Clear Search

Is a Cancer-Free World Possible?

By BCRF | July 31, 2014

Our Scientific Advisory Board Chairman Weighs In

Here at BCRF, we have always recognized the need to allow our scientists the freedom and creativity to pursue promising research. It’s the principle we were founded on. But as federal funding for cancer research becomes increasingly scarce, it’s become even more important.

In a blog post for The American Society of Clinical Oncology, Chairman of BCRF’s Scientific Advisory Board Dr. Clifford Hudis laments the National Institutes of Health (NIH) and its lack of investment in research. Although cancer now affects almost half of all Americans, enrollment in NIH-funded clinical trials is being slashed and grant applications are being rejected. And every time a researcher is turned down, another opportunity is lost for a breakthrough that could potentially affect millions of people.

Read Dr. Hudis’ thoughts on how limiting resources are slowing progress, and then let us know your take.

A World Free From the Fear of Cancer — Is It Possible?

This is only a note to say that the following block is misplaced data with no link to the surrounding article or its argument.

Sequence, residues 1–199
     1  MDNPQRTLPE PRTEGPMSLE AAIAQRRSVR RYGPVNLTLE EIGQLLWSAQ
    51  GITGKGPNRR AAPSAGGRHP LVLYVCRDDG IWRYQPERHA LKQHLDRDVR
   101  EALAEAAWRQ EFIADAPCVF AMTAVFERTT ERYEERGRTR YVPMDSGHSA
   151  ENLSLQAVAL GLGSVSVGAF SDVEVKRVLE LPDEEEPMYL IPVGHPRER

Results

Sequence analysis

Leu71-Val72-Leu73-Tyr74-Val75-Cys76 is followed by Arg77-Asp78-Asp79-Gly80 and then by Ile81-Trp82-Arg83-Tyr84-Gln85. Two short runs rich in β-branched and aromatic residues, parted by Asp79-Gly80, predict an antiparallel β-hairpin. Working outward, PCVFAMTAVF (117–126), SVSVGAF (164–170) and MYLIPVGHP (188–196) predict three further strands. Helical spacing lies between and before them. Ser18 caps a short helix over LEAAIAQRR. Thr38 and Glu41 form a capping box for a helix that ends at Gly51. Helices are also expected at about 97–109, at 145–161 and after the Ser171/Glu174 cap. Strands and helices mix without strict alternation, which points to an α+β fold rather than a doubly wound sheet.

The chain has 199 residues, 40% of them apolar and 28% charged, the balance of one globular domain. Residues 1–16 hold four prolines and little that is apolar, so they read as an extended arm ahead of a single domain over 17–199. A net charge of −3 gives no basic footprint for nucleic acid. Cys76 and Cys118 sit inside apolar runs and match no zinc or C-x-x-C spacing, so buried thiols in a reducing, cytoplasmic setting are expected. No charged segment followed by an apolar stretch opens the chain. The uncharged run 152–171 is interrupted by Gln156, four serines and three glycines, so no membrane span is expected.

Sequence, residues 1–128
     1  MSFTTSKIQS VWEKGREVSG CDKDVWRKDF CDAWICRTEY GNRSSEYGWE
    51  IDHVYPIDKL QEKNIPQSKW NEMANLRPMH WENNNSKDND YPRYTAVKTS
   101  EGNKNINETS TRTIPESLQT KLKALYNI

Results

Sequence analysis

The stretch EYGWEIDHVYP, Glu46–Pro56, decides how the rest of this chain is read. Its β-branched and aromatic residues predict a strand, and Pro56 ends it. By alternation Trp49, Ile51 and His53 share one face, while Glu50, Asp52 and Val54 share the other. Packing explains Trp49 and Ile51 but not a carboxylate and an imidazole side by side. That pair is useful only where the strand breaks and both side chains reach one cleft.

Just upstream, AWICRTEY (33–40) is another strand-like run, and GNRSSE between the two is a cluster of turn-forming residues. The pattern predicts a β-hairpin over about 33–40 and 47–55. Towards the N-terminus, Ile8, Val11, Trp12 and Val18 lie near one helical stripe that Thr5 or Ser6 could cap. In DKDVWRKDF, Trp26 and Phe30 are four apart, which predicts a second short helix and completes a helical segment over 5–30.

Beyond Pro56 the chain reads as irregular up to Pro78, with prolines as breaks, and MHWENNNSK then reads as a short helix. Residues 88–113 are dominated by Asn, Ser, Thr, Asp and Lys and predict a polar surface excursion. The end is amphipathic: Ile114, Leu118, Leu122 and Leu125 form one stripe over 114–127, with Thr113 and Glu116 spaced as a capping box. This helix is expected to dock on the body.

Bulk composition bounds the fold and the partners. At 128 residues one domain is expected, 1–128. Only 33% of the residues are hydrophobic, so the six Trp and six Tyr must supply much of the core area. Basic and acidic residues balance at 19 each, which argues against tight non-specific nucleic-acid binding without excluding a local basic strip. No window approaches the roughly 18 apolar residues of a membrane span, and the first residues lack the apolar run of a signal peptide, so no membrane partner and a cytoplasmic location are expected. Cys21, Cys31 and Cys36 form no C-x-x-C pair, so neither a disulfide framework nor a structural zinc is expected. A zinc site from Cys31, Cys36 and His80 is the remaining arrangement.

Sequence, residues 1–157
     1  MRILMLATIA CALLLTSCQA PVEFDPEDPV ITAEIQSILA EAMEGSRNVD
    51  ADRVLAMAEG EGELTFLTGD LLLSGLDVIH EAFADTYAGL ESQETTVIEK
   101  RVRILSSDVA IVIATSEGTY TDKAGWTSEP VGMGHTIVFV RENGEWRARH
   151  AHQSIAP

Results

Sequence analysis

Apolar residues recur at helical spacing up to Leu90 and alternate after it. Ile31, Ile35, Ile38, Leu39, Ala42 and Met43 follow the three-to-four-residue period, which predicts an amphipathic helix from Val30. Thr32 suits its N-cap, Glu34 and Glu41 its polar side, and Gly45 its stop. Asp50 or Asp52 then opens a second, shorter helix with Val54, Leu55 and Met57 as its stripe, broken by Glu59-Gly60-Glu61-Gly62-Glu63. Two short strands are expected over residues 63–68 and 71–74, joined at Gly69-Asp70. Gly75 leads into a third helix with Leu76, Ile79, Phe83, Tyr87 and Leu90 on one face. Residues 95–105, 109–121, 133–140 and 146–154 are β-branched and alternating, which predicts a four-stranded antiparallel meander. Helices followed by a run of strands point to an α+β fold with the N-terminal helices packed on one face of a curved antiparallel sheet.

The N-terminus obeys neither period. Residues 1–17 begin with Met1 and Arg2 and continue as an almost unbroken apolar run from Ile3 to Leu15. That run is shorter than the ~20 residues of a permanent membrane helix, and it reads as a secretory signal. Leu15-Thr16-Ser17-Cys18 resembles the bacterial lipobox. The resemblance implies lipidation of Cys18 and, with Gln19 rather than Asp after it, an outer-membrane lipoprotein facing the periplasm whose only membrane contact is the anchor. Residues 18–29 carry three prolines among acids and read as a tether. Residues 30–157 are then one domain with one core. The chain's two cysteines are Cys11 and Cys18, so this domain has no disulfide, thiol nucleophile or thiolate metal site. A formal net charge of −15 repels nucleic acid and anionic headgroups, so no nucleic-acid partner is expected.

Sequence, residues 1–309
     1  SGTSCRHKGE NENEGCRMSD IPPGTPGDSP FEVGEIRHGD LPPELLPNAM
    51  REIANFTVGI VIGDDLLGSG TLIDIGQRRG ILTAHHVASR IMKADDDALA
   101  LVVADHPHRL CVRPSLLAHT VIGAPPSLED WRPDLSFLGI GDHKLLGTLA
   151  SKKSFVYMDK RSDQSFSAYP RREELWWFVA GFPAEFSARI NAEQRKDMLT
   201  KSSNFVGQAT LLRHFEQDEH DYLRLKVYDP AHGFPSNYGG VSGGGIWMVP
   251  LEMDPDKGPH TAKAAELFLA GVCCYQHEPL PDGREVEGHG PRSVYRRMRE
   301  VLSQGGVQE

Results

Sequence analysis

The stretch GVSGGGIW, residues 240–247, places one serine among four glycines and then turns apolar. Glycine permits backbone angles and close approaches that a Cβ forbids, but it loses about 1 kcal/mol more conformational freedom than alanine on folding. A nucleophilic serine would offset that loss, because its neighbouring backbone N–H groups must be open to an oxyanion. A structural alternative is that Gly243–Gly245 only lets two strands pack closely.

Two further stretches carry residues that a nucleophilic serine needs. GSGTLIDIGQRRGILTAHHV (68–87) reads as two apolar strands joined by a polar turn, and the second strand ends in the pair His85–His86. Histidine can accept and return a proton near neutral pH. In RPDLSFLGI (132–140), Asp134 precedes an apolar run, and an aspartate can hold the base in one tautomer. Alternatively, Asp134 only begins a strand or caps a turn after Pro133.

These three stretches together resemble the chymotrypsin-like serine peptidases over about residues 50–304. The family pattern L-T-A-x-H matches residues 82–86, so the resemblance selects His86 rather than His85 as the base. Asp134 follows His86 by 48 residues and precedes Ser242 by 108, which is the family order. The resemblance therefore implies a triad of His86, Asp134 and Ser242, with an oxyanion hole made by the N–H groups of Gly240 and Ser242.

This post originally appeared on CancerProgress.Net. Reprinted with permission from The American Society of Clinical Oncology.

By every definition, ASCO’s 50th Annual Meeting was a huge success. The halls were buzzing as nearly 35,000 attendees from the world’s cancer community shared excitement about cancer research progress.

Yet, as the good news was unveiled, I couldn’t help but wonder: what can we do to make sure that meetings like this happen again and again?

This was a banner year for federally funded cancer research trials – all four of the abstracts selected for ASCO’s plenary session were backed by funding from the National Institutes of Health (NIH), as were so many of the other studies that captured news headlines.

But the U.S. clinical research system that brought us here is facing unprecedented challenges that could limit its ability to support the scope and scale of research we saw presented this year.

Today the purchasing power of the NIH is 23% lower than it was in 2003. And while valiant efforts have been made to stretch every dollar, we are beginning to see the real-world impact of plummeting funding.

Already, enrollment in NIH-funded cancer clinical trials has been slashed. In 2009, about 29,000 adult patients participated in these trials. But recently, the NCI announced plans to cut enrollment by 15% over the next few years, scaling yearly enrollment back to as low as 17,000 patients in intervention trials.

Continue reading at The ASCO Post